Monday, March 6, 2023

Proposed OVCN Sports Complex Not In Character With The Historical Character Of The Neighborhood

Historic neighborhood in jeopardy
Tonight, the town's Historic Preservation Commission will discuss how the Commission and the Planning Department can work more closely on applicant requests regarding properties that have historic significance to our community. 

The town and the Commission are aware of these properties. The town's Historic Preservation Plan, which the Commission approved in October, identifies the five most significant ones. As it happens, four of these neighborhoods are impacted by the request of the Oro Valley Church of the Nazarene (OVCN) to build a major sports facility. Indeed, that sports facility would be right in the middle of these areas.

Joanne Michaelsen lives in one of these areas. She addressed the Oro Valley Town Council last Wednesday. Joanne expressed her concern that the nature of the OVCN project simply does not fit within the historical significance of the area.
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"Not too long ago, a study was conducted to implement a Heritage Preservation Program. One of the components of this program is historic neighborhoods and recognizing them. As we all know, the town incorporated in 1974. The first subdivision was platted in the 1930’s with the neighborhood construction starting in the late 50’s.

During the Preservation Plan study, it was stated that in the category of Rock Art, Ranch and residence neighborhoods we have reached the 50 year threshold and can be considered for historic recognition. Currently the Town of Oro Valley has preserved the Honeybee Village and Steam Pump Ranch.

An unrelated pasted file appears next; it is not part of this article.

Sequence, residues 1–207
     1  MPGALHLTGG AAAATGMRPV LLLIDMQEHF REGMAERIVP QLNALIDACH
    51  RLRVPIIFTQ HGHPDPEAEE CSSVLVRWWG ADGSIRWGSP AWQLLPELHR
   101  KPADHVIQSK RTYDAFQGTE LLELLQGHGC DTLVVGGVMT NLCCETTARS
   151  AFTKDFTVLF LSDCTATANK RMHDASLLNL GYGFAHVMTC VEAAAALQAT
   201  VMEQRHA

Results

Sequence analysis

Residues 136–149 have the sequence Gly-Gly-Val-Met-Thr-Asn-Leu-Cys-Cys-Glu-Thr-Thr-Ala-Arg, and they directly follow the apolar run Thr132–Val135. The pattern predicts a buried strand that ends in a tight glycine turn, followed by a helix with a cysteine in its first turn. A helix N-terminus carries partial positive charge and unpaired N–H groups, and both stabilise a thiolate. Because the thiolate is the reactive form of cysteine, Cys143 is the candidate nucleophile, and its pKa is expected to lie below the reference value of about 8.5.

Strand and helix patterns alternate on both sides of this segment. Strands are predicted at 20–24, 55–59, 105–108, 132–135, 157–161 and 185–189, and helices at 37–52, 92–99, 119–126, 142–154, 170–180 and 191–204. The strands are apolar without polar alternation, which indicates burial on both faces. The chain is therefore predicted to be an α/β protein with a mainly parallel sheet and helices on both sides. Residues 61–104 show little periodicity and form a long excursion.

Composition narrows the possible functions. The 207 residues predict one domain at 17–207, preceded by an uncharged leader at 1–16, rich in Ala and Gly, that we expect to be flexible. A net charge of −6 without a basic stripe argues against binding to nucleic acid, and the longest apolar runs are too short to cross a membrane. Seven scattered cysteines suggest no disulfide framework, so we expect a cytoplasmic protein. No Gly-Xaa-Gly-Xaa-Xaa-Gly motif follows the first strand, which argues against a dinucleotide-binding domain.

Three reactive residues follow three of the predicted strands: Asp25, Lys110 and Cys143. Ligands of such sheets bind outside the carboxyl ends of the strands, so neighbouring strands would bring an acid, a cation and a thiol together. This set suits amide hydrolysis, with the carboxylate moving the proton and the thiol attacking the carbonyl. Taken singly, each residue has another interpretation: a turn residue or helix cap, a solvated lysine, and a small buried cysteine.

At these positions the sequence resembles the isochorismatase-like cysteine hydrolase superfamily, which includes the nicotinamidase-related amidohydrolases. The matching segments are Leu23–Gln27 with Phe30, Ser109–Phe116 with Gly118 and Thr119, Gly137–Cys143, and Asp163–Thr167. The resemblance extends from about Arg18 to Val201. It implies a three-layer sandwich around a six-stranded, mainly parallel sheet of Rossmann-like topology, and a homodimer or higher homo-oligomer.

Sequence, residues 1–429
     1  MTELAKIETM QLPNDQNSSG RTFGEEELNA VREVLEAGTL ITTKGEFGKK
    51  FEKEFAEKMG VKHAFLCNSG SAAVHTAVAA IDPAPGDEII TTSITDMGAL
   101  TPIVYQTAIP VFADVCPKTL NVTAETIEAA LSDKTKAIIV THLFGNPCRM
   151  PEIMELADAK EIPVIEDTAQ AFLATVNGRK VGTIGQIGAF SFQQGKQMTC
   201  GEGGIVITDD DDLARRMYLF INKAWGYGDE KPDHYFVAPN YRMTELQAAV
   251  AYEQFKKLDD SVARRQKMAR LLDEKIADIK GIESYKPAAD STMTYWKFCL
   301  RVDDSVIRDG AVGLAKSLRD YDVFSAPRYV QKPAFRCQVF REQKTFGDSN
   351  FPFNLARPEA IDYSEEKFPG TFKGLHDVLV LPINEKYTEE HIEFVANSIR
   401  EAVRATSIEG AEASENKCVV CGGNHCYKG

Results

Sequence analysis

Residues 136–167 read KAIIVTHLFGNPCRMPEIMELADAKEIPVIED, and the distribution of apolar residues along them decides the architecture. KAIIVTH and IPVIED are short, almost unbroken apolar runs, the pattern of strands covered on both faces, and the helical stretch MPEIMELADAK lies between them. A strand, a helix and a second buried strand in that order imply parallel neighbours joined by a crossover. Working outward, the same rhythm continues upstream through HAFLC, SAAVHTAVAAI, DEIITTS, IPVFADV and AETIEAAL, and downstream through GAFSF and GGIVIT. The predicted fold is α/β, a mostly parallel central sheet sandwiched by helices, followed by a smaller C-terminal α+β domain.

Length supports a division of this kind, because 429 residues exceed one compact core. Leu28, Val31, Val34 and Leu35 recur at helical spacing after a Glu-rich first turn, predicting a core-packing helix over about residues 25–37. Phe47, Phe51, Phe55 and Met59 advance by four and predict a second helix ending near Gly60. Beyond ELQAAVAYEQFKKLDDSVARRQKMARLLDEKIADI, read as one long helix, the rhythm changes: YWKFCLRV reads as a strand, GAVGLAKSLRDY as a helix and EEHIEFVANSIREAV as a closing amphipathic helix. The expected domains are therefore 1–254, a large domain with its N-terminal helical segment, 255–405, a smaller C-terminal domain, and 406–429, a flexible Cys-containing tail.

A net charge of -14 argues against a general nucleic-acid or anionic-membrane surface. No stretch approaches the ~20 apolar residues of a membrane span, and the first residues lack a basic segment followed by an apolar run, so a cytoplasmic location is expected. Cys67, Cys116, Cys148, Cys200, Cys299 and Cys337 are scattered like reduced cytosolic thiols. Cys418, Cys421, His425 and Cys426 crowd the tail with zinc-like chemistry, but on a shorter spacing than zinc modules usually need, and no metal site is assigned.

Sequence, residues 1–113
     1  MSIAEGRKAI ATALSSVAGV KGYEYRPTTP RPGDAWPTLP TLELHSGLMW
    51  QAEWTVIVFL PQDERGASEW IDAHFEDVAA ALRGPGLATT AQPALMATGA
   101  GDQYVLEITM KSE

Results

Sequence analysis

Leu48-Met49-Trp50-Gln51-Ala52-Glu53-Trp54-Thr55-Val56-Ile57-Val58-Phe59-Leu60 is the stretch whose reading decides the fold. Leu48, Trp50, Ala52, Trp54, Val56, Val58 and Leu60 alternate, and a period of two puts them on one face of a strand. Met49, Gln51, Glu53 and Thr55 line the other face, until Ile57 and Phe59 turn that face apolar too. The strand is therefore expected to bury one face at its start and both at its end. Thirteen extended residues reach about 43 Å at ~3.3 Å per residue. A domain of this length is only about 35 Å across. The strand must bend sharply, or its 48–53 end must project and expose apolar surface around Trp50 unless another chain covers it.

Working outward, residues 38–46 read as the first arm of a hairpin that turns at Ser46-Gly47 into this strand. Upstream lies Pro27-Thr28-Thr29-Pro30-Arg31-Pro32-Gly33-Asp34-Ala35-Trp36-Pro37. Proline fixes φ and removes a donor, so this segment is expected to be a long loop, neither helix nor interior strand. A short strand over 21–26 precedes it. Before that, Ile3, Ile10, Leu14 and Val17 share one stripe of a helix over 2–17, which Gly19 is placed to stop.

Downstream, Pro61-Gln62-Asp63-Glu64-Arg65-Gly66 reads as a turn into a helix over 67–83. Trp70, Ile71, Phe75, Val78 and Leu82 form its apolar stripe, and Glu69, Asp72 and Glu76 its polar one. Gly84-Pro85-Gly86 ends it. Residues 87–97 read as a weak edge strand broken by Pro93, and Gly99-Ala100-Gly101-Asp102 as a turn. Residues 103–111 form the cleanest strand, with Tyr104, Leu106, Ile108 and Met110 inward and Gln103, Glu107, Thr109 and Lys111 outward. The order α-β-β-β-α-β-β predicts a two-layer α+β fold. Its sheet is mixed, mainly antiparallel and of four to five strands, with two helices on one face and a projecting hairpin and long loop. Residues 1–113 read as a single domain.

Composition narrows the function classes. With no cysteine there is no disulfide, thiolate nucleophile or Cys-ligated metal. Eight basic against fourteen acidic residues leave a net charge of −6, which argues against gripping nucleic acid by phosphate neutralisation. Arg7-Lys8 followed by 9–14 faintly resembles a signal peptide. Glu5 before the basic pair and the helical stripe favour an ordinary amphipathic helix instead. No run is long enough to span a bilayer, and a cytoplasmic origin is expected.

During the study it was determined there is a large gap in preserving our potentially historic architecture in Town and that its land base has a significant amount of residential architecture that is at least 50 years old. In the survey it indicated there are four subdivisions eligible for National registry recognition: Oro Valley Estate; Suffolk Hill; Campo Bello and Shadow Mountain Estates. 

Three out of the four are directly impacted by OVCN proposed planned facility and rezoning. In the Report the recommendation to the Town of Oro Valley it was stated on Appendix B Page 16

I quote [from the study] “Reason for nomination is the recognition puts the neighborhood as a place of importance in local, state and national history thus strengthening the communities awareness of, and pride in, its unique heritage.”
  • There are 92 homes in Oro Valley Estates predating 1974 32- pre date 1965 
  • 138 homes in Shadow Mountain Estates predating 1974;   77 predate 1965 and that is 51% of the homes
  • 12 in Campo Bello predate 1974 and 9 before 1965 that is 36%
  • 8 in Linda Vista #2 predate 1974 and 5 predate 1965 that is 11%

By OVCN acquiring the Tellez Ranch in the Linda Vista #2,  we have already lost a valued Historical aspect of our neighborhood by the Church demolishing the structures. Why this was allowed to happen without a Cease and Desist order for the scrapping of residential property without a permit is baffling to me.

I am asking the Town Council to stop this destruction of our valued history and suggest a viable solution that the Town work with the OVCN to find an alternative location for their proposed structure and fields."

Joanne Michaelsen 
March 1, 2023
You can view a 2010 report on "Rock Art, Ranch and Residence Neighborhoods" for a more detailed analysis of all historical sites in Oro Valley.